One study revealed that 42% of Malaysian smokers managed to quit by switching to vape.
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So the Malaysian government, i.e the Health Ministry (KKM), plans to slowly eradicate smoking by making it illegal for anyone born after 2005 to purchase cigarettes and other smoking products such as e-cigarettes and vapes in the country.
This plan was announced by KKM Minister Khairy Jamaluddin Abu Bakar at the 150th Session of the World Health Organisation’s (WHO) Executive Board Meeting in Geneva, Switzerland where he relayed optimism of passing the legislation in 2022.
To simplify, this could mean that people who are 17 and under today would not be allowed to legally acquire smoking products when they come of age, but existing smokers would still be allowed to buy such products if the law passes.
The idea is promoted as a “generational endgame” that hopes to essentially place an expiry date on the unhealthy habit and prevent the further offset of non-communicable diseases (NCD) related to smoking by creating a future smoke-free era for Malaysia.
It’s also thought of as a step up from the no-smoking campaigns the country has implemented in recent history, which some believe had failed to achieve any positive results.
Would a total ban on smoking help or should we look into other solutions to the problem?
The latest set of data provided by the government estimated that there are about 4.9 million smokers in Malaysia aged 15 and above, and we’ve been really slow at trying to lower those numbers.
But, there’s been promise that tackling this problem through better policies and regulations could spark progressive changes in the country.
Local think-tank, the Datametrics Research and Information Centre (DARE), portrayed alternative public health programs like Tobacco Harm Reduction (THR) strategies, which encourage smokers to switch to less harmful smoking products, as a pragmatic way of reducing the prevalence of smoking in Malaysia.
By helping people to quit smoking, it’s estimated that THR methods such as using electronic nicotine delivery systems (ENDS) like vapes have the potential to reduce the number of Malaysian smokers to just 4 million.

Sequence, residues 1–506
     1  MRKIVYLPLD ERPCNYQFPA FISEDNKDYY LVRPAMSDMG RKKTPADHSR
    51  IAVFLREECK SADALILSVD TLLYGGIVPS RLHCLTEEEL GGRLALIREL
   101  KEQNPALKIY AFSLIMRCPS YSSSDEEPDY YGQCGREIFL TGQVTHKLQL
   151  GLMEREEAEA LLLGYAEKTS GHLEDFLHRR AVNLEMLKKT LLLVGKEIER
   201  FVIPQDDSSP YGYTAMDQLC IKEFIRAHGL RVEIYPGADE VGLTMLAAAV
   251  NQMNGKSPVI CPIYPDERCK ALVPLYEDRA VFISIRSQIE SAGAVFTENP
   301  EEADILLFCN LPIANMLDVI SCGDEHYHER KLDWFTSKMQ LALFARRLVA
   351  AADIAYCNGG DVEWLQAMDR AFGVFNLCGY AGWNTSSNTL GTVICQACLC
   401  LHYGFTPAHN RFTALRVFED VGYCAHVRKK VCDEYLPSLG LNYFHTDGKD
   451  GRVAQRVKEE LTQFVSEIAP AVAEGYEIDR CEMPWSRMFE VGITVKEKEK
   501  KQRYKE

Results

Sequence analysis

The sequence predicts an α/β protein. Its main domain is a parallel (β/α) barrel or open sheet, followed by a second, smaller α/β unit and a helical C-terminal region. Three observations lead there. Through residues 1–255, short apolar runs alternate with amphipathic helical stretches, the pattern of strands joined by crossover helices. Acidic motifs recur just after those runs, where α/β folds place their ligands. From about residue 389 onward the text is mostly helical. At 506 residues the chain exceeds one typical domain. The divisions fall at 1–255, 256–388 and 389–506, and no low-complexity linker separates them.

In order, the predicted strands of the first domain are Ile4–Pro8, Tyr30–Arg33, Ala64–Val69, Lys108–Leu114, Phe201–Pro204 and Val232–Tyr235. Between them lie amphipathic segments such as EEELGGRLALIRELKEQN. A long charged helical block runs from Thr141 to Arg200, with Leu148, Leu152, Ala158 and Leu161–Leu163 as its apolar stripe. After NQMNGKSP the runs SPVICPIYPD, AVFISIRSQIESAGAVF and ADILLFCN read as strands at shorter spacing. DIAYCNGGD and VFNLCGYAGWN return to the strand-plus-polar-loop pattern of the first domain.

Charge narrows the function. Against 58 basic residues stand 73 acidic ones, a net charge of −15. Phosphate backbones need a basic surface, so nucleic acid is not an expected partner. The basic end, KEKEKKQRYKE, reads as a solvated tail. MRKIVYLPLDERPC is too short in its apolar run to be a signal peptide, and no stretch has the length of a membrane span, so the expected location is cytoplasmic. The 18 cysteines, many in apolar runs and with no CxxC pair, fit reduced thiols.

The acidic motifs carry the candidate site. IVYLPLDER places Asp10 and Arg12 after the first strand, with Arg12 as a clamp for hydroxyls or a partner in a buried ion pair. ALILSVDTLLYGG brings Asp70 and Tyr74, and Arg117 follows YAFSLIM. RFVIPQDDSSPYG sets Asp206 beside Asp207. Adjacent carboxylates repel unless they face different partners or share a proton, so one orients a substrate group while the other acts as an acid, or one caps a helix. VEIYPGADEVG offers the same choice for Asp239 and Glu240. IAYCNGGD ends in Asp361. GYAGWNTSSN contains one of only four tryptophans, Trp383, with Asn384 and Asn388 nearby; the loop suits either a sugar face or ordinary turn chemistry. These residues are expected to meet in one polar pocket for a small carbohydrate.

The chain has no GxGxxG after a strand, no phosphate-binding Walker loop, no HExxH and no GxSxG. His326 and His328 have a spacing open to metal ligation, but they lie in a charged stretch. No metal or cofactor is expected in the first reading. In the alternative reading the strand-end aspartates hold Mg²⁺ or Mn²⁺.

The strategy also has the potential of reducing the country’s spending to treat smoking-related NCDs by RM1.3 billion by 2025.
DARE’s recent surveys show that 80% of Malaysians believe THR strategies could work at getting people to finally put away their cigarette smoking habits by switching to something less harmful.
A further 95% of Malaysians agreed that the government should be involved in implementing THR strategies to ensure the safety and the quality of the products being sold to consumers.
Additionally, the 2019 Asia Pacific Journal of Public Health revealed that 90% of vapers in Malaysia are exclusively former and current smokers whereas 42% of those who managed to quit smoking did so by switching to vaping daily.
Read More: 42% Quit Smoking Using Vape In Malaysia
Meanwhile, Malaysia’s vape industry believes that we should focus on industry-specific regulations that separate vaping from traditional cigarettes.
The Malaysian Vape Industry Advocacy (MVIA) group explains that smokers from all over the world have progressively switched to vapes, proving that they do help people quit lighting up.
The NGO believes that the government must play a crucial role in shaping the local vape industry to grow and aid more Malaysian smokers to extinguish their unhealthy habits.
Through their consumer polls, MVIA found that 85% of Malaysians agreed that switching from cigarettes to vape has helped to slowly bring down the number of smokers in the country.
Meanwhile, 68% of respondents in the survey perceived vaping to be less harmful than ordinary cigarettes, and 92% think it’s best for us to develop our own set of industry-specific rules and regulations to lay the foundations for a smoke-free era in Malaysia
Countries like the United Kingdom are already benefiting from the implementation of THR programs and encouraging the use of ENDS like vapes to radically reduce the numbers of their smokers and nicotine addicts associated with cigarettes.
Results from a 2020 study done in the UK show that over 58% of the people who vape there were not addicted to the products and that most vapers were former cigarette smokers who went with switching to the less harmful option.
And though countries like New Zealand also aims to implement their own generational endgame to smoking by banning those born after 2008 from legally buying cigarettes in their lifetime, their health policies still encourage the use of THR programs and ENDS as a cheaper and easier way for people to quit smoking for good, and a more realistic path towards creating a smokeless generation ahead.
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